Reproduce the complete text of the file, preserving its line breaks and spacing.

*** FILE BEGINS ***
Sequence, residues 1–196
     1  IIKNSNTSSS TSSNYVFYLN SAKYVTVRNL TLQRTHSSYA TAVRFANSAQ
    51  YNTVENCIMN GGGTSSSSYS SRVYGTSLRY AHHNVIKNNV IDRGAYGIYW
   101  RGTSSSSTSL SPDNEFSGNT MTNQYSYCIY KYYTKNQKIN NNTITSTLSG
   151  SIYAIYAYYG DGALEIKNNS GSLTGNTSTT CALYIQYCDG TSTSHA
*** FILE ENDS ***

Sequence, residues 1–196
     1  IIKNSNTSSS TSSNYVFYLN SAKYVTVRNL TLQRTHSSYA TAVRFANSAQ
    51  YNTVENCIMN GGGTSSSSYS SRVYGTSLRY AHHNVIKNNV IDRGAYGIYW
   101  RGTSSSSTSL SPDNEFSGNT MTNQYSYCIY KYYTKNQKIN NNTITSTLSG
   151  SIYAIYAYYG DGALEIKNNS GSLTGNTSTT CALYIQYCDG TSTSHA